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1. Barring U.S. Doors To Aliens/Refugees
2. News Of Extermination Reaches U.S.
3. President Roosevelt's Apparent Reluctance To Help Europe's Jews
4. Bermuda Conference
5. Something Can Be Done: War Refugee Board
6. Bombing Railways And Auschwitz

1. Barring U.S. Doors To Aliens/Refugees

Memo from Assistant Secretary of State Breckinridge Long to State Department Officials dated June 26, 1940, outlining effective ways to obstruct the granting of U.S. visas

Letter from Margaret E. Jones, an American Quaker working with European Jews hoping to emigrate to the U.S., expressing her distress at the impact of Breckinridge Long's memo

Visa Application of U.S. State Department, Visa Division, January 1943
The visa application process was extremely complicated. The double-sided form itself was more than four feet long.

2. News Of Extermination Reaches U.S.

U.S. State Department receives information from Switzerland regarding the Nazi plan to murder the Jews of Europe
In August 1942, the representative of the World Jewish Congress in Switzerland, Gerhart Riegner, heard about a German plan to annihilate the Jews of Europe. His source was a German industrialist with access to top Nazi circles. Riegner immediately took the information to the American consulate in Geneva, where he asked the Vice-Consul Howard Elting Jr. to send the information to Washington and other Allied governments.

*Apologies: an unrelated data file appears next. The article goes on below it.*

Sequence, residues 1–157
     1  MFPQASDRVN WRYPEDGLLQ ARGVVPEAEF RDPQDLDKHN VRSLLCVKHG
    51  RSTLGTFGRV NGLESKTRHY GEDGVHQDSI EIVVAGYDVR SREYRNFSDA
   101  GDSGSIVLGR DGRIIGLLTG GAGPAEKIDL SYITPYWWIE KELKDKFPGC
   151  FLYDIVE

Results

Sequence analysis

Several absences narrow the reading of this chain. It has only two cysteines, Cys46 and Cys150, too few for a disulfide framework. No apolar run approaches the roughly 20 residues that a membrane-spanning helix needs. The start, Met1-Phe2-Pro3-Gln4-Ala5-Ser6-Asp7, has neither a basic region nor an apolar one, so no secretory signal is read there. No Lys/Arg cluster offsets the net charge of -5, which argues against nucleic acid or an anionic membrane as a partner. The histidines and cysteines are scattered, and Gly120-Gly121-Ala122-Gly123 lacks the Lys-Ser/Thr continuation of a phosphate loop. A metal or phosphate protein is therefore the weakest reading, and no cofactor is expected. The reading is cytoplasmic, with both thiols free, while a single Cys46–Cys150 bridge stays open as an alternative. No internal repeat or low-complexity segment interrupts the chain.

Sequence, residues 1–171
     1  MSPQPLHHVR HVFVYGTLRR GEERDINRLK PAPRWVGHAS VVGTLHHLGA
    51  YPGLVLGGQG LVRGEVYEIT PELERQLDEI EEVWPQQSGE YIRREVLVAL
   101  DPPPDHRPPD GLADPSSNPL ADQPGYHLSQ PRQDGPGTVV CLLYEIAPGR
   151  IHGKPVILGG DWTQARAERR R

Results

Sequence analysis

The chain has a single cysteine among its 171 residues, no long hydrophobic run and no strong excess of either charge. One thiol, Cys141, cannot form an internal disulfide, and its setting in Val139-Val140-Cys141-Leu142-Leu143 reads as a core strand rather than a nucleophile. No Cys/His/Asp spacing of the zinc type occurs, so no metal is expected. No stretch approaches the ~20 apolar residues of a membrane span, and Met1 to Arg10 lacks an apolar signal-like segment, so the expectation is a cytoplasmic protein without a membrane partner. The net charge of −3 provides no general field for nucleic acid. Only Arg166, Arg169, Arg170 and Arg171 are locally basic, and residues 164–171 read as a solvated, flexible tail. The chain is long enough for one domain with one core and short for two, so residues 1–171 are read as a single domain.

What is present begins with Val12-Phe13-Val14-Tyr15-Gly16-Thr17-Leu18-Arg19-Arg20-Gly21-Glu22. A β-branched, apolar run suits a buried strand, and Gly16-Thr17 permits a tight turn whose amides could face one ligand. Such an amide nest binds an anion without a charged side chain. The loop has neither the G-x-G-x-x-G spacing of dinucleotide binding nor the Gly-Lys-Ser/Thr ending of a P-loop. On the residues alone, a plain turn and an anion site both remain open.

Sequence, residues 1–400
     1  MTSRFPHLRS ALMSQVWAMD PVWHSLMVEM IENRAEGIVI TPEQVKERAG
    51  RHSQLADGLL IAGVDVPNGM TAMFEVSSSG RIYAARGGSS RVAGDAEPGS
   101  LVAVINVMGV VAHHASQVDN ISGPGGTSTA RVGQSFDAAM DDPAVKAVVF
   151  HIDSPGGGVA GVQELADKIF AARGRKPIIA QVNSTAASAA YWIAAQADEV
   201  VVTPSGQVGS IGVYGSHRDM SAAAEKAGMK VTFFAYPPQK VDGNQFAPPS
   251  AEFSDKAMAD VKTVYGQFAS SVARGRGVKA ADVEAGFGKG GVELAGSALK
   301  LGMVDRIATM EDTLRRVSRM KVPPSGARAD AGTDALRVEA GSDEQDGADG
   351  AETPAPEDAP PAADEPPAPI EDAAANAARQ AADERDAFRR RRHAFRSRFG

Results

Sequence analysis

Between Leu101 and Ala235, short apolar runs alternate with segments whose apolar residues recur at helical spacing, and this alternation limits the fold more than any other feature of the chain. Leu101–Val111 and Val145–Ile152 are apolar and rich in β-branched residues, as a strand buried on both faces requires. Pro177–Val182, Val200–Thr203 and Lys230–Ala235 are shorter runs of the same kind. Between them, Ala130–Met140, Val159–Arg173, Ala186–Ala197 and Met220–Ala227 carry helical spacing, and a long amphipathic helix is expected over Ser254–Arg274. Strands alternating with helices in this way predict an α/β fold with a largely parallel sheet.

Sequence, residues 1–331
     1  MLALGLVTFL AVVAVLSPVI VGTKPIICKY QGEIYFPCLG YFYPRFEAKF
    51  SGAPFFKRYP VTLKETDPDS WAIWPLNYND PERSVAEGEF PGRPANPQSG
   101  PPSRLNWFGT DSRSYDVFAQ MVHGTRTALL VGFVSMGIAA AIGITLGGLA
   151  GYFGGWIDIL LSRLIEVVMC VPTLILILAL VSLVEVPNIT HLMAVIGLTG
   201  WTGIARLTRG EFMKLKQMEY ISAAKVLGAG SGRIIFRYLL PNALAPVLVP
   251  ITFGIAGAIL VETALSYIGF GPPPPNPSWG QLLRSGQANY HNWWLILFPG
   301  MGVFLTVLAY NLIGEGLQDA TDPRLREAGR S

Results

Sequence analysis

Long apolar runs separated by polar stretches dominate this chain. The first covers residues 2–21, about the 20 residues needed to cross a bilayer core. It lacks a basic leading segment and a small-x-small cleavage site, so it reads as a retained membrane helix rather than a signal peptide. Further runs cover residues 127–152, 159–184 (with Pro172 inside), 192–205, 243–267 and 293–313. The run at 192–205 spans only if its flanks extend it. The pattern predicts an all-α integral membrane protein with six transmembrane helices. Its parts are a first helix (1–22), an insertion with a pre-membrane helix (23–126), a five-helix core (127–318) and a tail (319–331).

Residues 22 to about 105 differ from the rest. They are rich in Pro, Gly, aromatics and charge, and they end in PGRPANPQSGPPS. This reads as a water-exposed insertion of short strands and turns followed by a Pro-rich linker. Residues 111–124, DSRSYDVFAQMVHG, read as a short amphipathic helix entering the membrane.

Cable from London to Rabbi Stephen Wise regarding the "Final Solution"
The State Department decided that the information passed on by Gerhart Riegner was nothing more than a "fantastic" war rumor. It did not pass the telegram to American Jewish leaders. However, Riegner had also informed the British consulate, who cabled the information to the Foreign Office in London, where it was passed on to a member of Parliament, Samuel Sydney Silverman. On August 28, 1942, Silverman sent it to Rabbi Stephen Wise.

Undersecretary of State Sumner Welles tells Rabbi Stephen Wise he has information confirming that the Nazis plan to kill all of Europe's Jews
Stephen Wise was extremely distressed by Gerhart Riegner's information. Not realizing the State Department had already received Riegner's message he passed it on to Undersecretary of State Sumner Welles. Welles asked Wise not to release the message to the press until the State Department had been able to confirm it. This process took more than two months.

In January 1943, the American legation in Switzerland sends information to Sumner Welles, Undersecretary of State, confirming reports of mass executions of Jews in Poland

The State Department sends a memo to the American legation in Bern, on February 10, 1943, stating that in the future they not transmit reports to private citizens, since they "circumvent neutral countries' censorship"
As more information about the progress of the Holocaust continued to arrive in the U.S. from Switzerland, the State Department tried to prevent news of this sort from reaching U.S. citizens. The ban on information from Europe imposed by this memo lasted two months.